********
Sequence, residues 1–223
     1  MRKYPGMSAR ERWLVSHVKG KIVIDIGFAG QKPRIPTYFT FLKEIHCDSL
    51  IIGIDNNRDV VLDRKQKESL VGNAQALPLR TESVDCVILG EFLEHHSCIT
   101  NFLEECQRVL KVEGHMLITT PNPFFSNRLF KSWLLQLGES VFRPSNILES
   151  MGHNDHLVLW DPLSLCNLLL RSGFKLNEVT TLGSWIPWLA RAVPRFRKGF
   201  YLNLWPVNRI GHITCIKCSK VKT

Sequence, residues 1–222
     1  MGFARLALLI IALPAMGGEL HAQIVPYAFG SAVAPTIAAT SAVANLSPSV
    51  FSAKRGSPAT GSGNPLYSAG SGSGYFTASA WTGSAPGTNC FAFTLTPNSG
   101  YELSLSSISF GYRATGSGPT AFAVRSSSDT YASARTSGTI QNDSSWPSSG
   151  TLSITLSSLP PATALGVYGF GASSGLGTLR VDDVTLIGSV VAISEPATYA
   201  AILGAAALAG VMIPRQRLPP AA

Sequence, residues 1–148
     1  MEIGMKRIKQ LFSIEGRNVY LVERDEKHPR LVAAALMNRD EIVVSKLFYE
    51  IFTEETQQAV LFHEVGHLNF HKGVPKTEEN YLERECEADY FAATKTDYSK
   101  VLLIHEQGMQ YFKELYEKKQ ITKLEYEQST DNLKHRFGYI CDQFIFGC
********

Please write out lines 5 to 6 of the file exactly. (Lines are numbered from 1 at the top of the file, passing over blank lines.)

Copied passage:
   151  MGHNDHLVLW DPLSLCNLLL RSGFKLNEVT TLGSWIPWLA RAVPRFRKGF
   201  YLNLWPVNRI GHITCIKCSK VKT